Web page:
In July 2007, Zaha Hadid came to rescue when plans for that year’s Serpentine pavilion faltered. Steel prices were on the rise and the pavilion’s realization, designed by Danish-Icelandic artist Olafur Eliasson and Norwegian architect Kjetil Thorsen, stalled. The Lilas Installation, designed by the late British-Iraqi architect and Patrik Schumacher, stood in its place for nine days at the Serpentine Gallery in London. Nine years on, the Lilas Installation is now on show in gardens of Chatsworth House in Derbyshire, England.
The installation is the showpiece of the yearly Beyond Limits sculpture exhibition put on show at Chatsworth by the auction house Sotheby’s. The Lilas Installation is currently up for sale (with no price specified). It covers 3,336 square feet and rises 18 feet high—not quite small enough for a suburban back garden. For comparison, Sou Fujimoto’s 2013 pavilion was sold for a reported $653,900.
Julia Peyton-Jones was the Serpentine director in 2007. “It was one of those little miracles,” she said, remembering the moment. “It was uncomfortable to be in the position of not having a pavilion on time that year—[but] stuff happens and it is how you deal with it that is the major issue. As a result, we had this gorgeous project that was unexpected and it was an absolute little gem… so typical in its simplicity and so relevant to her work.”
Once again, Hadid and Schumacher’s creation is open to the public. A stately home in the U.K.’s midlands, Chatsworth House is set among the countryside and has an extensive array of public and private gardens. Its history spans back to the 16th century when the original house was built in 1553. In 1568, the house even was used to hold custody of Mary Queen of Scots. Today, visitors can pay just over $20 to tour the gardens and view the Lilas Installation before it is eventually sold.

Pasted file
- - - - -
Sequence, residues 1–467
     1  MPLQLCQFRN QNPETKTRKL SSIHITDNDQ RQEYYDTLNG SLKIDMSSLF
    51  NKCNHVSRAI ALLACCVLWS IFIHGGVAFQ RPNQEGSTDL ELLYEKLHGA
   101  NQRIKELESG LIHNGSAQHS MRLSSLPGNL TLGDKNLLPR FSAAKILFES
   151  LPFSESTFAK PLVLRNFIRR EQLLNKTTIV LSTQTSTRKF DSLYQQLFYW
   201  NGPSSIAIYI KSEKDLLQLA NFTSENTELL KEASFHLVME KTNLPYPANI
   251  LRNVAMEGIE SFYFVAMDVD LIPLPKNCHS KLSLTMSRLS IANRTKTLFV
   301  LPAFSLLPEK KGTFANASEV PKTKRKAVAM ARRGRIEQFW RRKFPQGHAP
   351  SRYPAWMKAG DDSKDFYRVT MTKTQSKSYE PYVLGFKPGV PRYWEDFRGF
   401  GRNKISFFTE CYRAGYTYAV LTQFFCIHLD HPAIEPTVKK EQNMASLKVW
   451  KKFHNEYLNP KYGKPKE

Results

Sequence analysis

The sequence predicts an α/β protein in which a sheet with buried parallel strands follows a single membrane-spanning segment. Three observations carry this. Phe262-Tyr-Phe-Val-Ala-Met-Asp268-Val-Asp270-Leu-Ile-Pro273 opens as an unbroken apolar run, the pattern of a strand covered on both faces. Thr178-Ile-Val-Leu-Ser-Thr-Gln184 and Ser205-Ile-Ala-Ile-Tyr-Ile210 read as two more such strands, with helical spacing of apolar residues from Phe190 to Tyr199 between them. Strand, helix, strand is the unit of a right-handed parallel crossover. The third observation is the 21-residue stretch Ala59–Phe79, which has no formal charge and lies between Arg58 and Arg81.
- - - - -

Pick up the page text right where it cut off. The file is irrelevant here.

Originally, the work had been planned to be unveiled at Chatsworth before Hadid’s passing. “It is very poignant,” said Peyton-Jones. “But all the more marvelous that this masterwork should be presented to remind us what an extraordinary contribution she made.” Simon Stock, senior director at Sotheby’s and curator of the show at Chatsworth, spoke of how the 2007 work will fit into its historic setting. “They don’t clash, they complement in a way the pyramid does at the Louvre,” he said. “It is a very beguiling structure, it draws you in, it is an extraordinary thing”.
“Is it principally sculptural?” Stock questioned, attempting to describe the installation. “Is it a piece of architecture… do you see it was a building, in other words? Do you see it as something organic that has grown out of the ground? It is all of those things combined.”